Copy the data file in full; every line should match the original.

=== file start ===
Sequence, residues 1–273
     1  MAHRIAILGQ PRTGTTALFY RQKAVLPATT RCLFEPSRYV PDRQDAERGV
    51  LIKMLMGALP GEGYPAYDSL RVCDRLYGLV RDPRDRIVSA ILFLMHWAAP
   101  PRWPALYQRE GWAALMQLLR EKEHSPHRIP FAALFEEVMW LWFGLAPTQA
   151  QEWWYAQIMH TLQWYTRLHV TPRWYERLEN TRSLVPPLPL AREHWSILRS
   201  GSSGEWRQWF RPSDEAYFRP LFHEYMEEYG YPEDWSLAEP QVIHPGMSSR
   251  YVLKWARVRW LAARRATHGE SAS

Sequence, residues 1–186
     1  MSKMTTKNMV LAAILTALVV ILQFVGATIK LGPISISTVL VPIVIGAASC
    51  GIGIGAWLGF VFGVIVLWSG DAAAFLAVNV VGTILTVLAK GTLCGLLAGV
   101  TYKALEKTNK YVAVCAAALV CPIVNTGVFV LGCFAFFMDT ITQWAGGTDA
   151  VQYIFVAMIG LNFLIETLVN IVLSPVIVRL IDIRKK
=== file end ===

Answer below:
Sequence, residues 1–273
     1  MAHRIAILGQ PRTGTTALFY RQKAVLPATT RCLFEPSRYV PDRQDAERGV
    51  LIKMLMGALP GEGYPAYDSL RVCDRLYGLV RDPRDRIVSA ILFLMHWAAP
   101  PRWPALYQRE GWAALMQLLR EKEHSPHRIP FAALFEEVMW LWFGLAPTQA
   151  QEWWYAQIMH TLQWYTRLHV TPRWYERLEN TRSLVPPLPL AREHWSILRS
   201  GSSGEWRQWF RPSDEAYFRP LFHEYMEEYG YPEDWSLAEP QVIHPGMSSR
   251  YVLKWARVRW LAARRATHGE SAS

Sequence, residues 1–186
     1  MSKMTTKNMV LAAILTALVV ILQFVGATIK LGPISISTVL VPIVIGAASC
    51  GIGIGAWLGF VFGVIVLWSG DAAAFLAVNV VGTILTVLAK GTLCGLLAGV
   101  TYKALEKTNK YVAVCAAALV CPIVNTGVFV LGCFAFFMDT ITQWAGGTDA
   151  VQYIFVAMIG LNFLIETLVN IVLSPVIVRL IDIRKK